Essay On Siddhartha Gautama Story

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Siddhartha Gautama

Siddhartha Gautama was born about 563 BC in what is now modern Nepal. His
father, Suddhodana, was the ruler of the Sakya people and Siddhartha grew up
living the extravagant life on a young prince. According to custom, he married
at the young age of sixteen to a girl named Yasodhara. His father had ordered
that he live a life of total seclusion, but one day Siddhartha ventured out into
the world and was confronted with the reality of the inevitable suffering of
life. The next day, at the age of twenty-nine, he left his kingdom and new-born
son to lead an modest life and determine a way to relieve universal suffering.
For six years, Siddhartha meditated under a bodhi tree. But he was never fully
satisfied. One day he was offered a bowl of rice from a young girl and he
accepted it. In that moment, he realized that physical hardships were not the
means to freedom. From then on, he encouraged people not to use extremes in
their life. He called this The Middle Way. That night Siddhartha sat under
the bodhi tree, and meditated till dawn. He cleared his mind of all worldly
things and claimed to get enlightenment at the age of thirty-five, thus earning
the title Buddha, or "Enlightened One." For the remainder of his eighty years,
the Buddha preached the dharma in an effort to help other people reach
enlightenment. When Siddhartha is a Brahmin, he believes in the existence of
many gods, and performs sacrifices to them. After a while he realizes this is
meaningless and decides to leave his family and community and become a Samana.
As a Samana, he tries to destroy himself in may ways. He feels if he kills
himself, with its passions and emotions, he will find the great secret.
Siddhartha doesn't spend much time as Buddha, although he has an important
revelation. He discovers he can't find peace by learning from a master. He
finds the only way to have peace with the world is by finding it for himself.
When Siddhartha leaves Buddha, he is enthralled with the world. He starts
paying more attention to the world because he knows he must get experience for
himself. As he walks he comes upon a town. He stays and becomes a merchant.
At first he looks at his actions as a game. After a while he becomes more
serious. He starts drinking and gambling and becomes lazy. Siddhartha sees
this and decides to leave the town.He wanders through a forest and comes upon a
river. Just as he's about to kill himself he hears Om. Siddhartha decides
there is much to live for. He looks a this experience as a rebirth, and starts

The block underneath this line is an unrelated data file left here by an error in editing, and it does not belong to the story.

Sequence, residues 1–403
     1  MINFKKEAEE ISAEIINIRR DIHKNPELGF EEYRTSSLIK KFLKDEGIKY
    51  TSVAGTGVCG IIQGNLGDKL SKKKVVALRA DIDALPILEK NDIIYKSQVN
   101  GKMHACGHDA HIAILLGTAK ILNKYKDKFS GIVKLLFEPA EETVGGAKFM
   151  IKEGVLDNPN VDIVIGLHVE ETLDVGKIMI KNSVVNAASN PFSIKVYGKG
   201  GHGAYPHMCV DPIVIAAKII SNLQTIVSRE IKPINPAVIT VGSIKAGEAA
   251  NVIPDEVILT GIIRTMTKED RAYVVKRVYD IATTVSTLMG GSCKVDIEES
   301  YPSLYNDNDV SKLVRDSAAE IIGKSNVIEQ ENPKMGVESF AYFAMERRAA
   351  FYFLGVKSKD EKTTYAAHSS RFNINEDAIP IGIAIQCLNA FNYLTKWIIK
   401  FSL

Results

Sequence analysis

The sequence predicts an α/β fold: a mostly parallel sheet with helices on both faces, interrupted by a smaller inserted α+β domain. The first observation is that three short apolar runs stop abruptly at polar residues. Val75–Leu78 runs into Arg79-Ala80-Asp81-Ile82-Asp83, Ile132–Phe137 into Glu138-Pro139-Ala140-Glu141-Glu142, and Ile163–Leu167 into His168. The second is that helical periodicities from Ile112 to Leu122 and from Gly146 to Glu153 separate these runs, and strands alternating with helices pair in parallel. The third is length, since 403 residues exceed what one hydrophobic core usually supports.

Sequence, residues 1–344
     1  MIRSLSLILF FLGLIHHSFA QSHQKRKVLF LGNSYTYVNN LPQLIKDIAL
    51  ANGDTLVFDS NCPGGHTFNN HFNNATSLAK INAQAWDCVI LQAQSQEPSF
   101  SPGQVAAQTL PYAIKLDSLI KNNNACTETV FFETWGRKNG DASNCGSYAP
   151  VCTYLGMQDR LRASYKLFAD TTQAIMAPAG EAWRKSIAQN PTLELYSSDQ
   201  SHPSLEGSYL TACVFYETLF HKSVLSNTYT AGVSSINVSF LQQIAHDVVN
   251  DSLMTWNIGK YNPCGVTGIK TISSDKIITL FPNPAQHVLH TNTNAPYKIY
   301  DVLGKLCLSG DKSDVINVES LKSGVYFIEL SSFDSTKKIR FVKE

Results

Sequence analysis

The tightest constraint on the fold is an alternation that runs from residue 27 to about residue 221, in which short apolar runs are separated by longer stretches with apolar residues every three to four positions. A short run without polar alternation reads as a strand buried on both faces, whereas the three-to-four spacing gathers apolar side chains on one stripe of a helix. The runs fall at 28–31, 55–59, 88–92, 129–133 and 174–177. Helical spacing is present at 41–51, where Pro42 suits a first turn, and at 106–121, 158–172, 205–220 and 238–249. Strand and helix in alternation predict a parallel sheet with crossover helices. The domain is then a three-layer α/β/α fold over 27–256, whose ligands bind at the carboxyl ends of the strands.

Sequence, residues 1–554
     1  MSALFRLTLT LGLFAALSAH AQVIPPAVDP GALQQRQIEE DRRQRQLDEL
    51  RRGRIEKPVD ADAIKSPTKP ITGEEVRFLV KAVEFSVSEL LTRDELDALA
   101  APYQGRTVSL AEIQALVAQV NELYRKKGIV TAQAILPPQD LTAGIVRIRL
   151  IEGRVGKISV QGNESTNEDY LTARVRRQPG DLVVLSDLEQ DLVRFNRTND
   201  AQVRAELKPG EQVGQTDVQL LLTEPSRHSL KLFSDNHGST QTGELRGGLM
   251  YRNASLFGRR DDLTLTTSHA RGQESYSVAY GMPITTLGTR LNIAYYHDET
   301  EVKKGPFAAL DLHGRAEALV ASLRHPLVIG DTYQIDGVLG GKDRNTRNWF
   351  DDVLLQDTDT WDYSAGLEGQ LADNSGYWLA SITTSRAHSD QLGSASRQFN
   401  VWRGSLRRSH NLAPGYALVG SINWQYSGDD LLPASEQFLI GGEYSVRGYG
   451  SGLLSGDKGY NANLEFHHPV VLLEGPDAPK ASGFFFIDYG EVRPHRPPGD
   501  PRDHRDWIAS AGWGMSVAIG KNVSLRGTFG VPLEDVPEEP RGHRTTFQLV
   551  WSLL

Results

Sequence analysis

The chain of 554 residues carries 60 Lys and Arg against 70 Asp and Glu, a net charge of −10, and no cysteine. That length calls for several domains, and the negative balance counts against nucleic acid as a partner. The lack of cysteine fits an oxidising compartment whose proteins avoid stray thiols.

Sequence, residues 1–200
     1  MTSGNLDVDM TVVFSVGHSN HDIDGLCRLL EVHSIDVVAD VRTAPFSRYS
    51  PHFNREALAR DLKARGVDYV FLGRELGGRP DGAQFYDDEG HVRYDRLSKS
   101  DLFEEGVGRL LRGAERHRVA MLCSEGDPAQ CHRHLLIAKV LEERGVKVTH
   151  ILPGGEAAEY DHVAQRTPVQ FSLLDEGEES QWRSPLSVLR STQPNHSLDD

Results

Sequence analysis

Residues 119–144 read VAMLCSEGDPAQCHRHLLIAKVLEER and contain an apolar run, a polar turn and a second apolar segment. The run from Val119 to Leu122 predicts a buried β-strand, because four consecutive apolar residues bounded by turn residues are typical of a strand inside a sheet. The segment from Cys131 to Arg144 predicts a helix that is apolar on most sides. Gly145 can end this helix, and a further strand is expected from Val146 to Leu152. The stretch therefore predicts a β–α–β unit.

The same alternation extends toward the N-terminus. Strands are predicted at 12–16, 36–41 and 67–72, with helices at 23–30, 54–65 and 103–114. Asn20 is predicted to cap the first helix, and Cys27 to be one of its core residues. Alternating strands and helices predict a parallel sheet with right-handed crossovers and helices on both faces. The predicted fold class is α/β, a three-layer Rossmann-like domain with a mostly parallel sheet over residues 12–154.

a new life. Siddhartha stays by the river and looks for a ferryman he met years
ago who's name was Vasudeua. Vasudeua had found peace with himself, and
Siddhartha stays with him. He comes to peace with the world and learns he must
love everything, because everything has good in it. He also sees the difference
between past, present, and future is just a myth. In his hometown, Siddhartha's
social status was very high. He was popular, and lived by everyone, but he
decided that he could not stay. When he was with the Samanas, this social
status sunk to an all time low. He was considered a beggar. When Siddhartha
visited the Buddha, his social status was changing. Siddhartha is involved with
Brahmin rituals in his hometown. He lives with his family and is in good health.
He eats well, has good hygiene, and wears decent clothes. But when the Samanas
come to his village, he decides to leave his family for life in the forest. He
travels with the Samanas in the Forrest. He often meditates. He doesn't eat
good or clean himself, and only wears a loin cloth. He leaves the Samanas by
hypnotizing the leader and convinces him to let him go. Siddhartha goes to see
Buddha. HE soon leaves Buddha and travels on his own as an independent Samana.
Eventually he becomes weary of his lifestyle and decides to live in a village.
There he finds Kamala, a beautiful prostitute. He works hard to get clothes,
shoes, and money for Kamala. Joining Kamaswami, a merchant. Siddhartha becomes
rich. This gets him nice clothes, shoes, tasteful meals, and good hygiene.
After a while he becomes tired of his life in the village and leaves. He tries
to commit suicide, but then decides not to kill himself. He falls asleep and
sleeps for a long, long time. When he wakes up he decides he wants to be a
ferryman and join Vasudeva. Siddhartha lives in Vasudeva's hut with him and
occasionally talks with him. Siddhartha now wears few clothing, eats small
meals, and keeps poor hygiene. Soon, he has to take care of his son, this takes
time. Siddhartha eventually completely takes over Vasudeva's business
Siddhartha was unhappy following Hinduism. He says, that since Atman created
the other gods, then he is the only true god, and the others are temporary.
Siddhartha's discontent with Hinduism grows strong enough to drive him from home.
Siddhartha's experience with the Buddha shows his growing doubt of teachings.
He sees Nirvana in Buddha, but knows in his heart that teachings cannot bring it.
After leaving Buddha Siddhartha becomes depressed and decides to leave virtue
for vices. After living with Samsara for may years, Siddhartha becomes depressed.
He realizes that the beautiful bird that once sang in his soul has become
silent. When he reaches the river he sits above it, and hears of his soul the
holy Om, this is proof that the bird exists. The river teaches him more than any
human teacher could have, like the fact that time is an illusion. Siddhartha
finally finds peace in this.


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Gautama Buddha was born in Nepal. His family name is Siddhārtha. Gautama was the person who began the religion of Buddhism. He lived from about 563 BC to about 483 BC.[1] He is also called Sakyamuni or Tathāgat.

His early years[change | change source]